HUMAN-WILDLIFE CONFLICT INCIDENTS ACROSS THE COUNTRY ON THE RISE – SHIFETA
Posted by Intern | Mar 11, 2021 | Environment
By Clifton Movirongo.
The country has recorded a sudden spike in Human-Wildlife Conflict (HWC) incidents involving elephants, buffaloes and predators reported daily across the country, the environment minister said Wednesday.
According to the Minister of Environment, Forestry and Tourism, Hon Pohamba Shifeta, the incidents are being attending to and he explained that to address HWC requires striking a balance between conservation priorities and the needs of people who live with wildlife.
Shifeta said elephants are wreaking havoc to crops, water infrastructure and property mainly in nine out of the 14 regions. The incidents are specifically reported in the north-western regions comprising the Kunene, Omusati, Ohangwena and Oshikoto Regions as well as regions in the north-eastern part including Kavango West, Kavango East and Zambezi Regions. Reports were also recounted along the Grootfontein commercial farming areas in the Otjozondjupa Region and the Omatjete area in Erongo Region.
“Buffaloes are also reported to be destroying crops in the Zambezi Region, mainly in areas around Lake Liambezi, eastern floodplains as well as areas around Nkasa Rupara, Mudumu and Bwabwata National Parks”, the minister stated, adding that the issue needs to be managed in a way that recognises the rights and development needs of local communities and farmers.
Meanwhile, the far north-western part of Namibia is currently experiencing drought due to low rainfall amounts in received in that vicinity.
“We recently put down three lions in the Omusati Region that has been causing havoc to communities and their livestock in the area. Two crocodiles in the Zambezi Region where also put down and removed from areas they were causing such problems,” the minister said.
Lions also attacked livestock in the Kunene and Omusati Regions, while reports of wild dogs causing conflict have also been notified in some north-eastern regions.
The wild dogs were mainly reported in Salambala Conservancy of the Zambezi Region and in the Kavango East and Otjozondjupa Regions, the minister said.
Intensifying efforts to manage the conflict and mitigation and preventative measures
The Ministry of Environment, Forestry and Tourism (MEFT) plan to drive and chase away elephants to areas where they will not cause problems. The utilisation of helicopters method will be employed at times to aid in fending off the elephants.
The environment minister also emphasised that the process of auctioning off some of the elephants is currently at a stage of discussion and negotiation of contracts, adding that elephant population in specific hotspot areas will be reduced to minimise the conflict.
“Certain animals will be relocated and moved to National Parks or areas where they cannot cause problems. Early warning systems by collaring specific elephants in different herds to monitor their movements and alert communities and farmers will also be conducted and has already been done in some areas. With support of the Game Product Trust Fund, we plan to support communities and farmers in replacing their water tanks being damaged by elephants.”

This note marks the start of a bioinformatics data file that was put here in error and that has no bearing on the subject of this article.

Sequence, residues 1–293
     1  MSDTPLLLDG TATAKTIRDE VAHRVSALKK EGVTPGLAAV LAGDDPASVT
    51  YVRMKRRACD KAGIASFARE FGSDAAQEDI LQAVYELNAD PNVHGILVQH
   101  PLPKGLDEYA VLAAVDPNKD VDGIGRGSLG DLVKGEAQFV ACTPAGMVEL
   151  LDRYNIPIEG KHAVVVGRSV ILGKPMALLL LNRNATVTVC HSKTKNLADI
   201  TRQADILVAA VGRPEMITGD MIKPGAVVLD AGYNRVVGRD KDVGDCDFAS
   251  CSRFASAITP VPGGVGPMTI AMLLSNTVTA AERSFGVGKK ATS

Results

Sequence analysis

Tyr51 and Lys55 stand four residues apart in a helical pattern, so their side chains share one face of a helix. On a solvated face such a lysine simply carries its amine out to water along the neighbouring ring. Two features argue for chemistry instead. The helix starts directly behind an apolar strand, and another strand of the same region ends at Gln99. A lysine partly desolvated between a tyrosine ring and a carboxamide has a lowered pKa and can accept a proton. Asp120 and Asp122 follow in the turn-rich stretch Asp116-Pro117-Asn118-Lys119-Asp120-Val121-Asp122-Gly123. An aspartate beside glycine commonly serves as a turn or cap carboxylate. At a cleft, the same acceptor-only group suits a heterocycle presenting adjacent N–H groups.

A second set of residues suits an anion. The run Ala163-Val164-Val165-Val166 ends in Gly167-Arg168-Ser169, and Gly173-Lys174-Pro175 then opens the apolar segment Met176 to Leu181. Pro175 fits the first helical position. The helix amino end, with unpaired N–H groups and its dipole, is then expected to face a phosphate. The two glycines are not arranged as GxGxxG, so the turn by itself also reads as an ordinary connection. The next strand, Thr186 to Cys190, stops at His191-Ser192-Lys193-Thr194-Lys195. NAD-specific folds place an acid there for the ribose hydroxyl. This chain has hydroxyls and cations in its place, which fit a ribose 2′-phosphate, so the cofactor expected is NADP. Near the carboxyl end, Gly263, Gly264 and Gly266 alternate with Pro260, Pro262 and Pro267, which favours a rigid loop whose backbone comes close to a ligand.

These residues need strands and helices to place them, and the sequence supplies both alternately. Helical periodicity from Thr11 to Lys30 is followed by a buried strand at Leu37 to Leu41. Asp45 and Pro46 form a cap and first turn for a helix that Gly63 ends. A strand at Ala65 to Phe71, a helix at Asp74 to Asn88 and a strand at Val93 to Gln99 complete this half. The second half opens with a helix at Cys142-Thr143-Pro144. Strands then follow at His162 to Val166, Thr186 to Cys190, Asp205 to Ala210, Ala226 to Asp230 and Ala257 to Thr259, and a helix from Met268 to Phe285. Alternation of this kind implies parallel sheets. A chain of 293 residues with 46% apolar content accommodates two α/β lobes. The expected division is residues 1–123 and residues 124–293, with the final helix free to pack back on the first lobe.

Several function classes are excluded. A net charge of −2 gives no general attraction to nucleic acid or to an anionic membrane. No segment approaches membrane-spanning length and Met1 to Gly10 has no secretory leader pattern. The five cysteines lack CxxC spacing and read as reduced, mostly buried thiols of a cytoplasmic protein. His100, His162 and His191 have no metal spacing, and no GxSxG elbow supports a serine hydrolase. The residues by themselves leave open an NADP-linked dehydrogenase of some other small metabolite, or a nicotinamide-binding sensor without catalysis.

Farmers and communities are encouraged to make use of wire with tins around crop fields for noise that can fend off wild animals while MEFT staff members in the regions are under instructions to assist the vulnerable.
The practice of chili pepper fences, chili bombs and where possible, the digging of trenches around crop fields is highly advised by the ministry as wild animals like elephants and hippos cannot jump a trench. The use of traditional methods such as drums, vuvuzelas, whips and loud noises are also proven to come in handy.
Guarding of crop fields at night is important and highly encouraged, as long as it is done with care and caution that people do not walk into a herd of wild animals or make wild animals aggressive, the minister said.
MEFT is mapping out wildlife corridors to determine the movement areas of wild animals so as to prevent HWC.
“The wildlife corridor strategy for the Zambezi Region has been finalized and will be launched soon. We are currently working on and finalizing the wildlife corridor strategy for the Kunene, Erongo and Omusati Regions. Kavango West and Kavango East regions will follow,” said Shifeta.
The environment minister also highlighted that his ministry is developing species management plans that will guide the long-term management of species including the management HWC caused by these species.
“With the current good rains in certain parts of the country, the river levels are rising and floods are already experienced in some areas. Crocodiles, hippos, snakes and other wild animals including elephants are also moving with the water. I therefore would like to caution communities and the general public not to take risks that may result in human wildlife conflict or cause loss of human lives,” the minister said.
This comes as during the course of 2020, the environment ministry through the Game Product Trust Fund paid approximately N$ 5,046,801 to individuals, farmers and conservancies for livestock loss, crop damages, injuries to people and loss of life under the HWC Self Reliance Scheme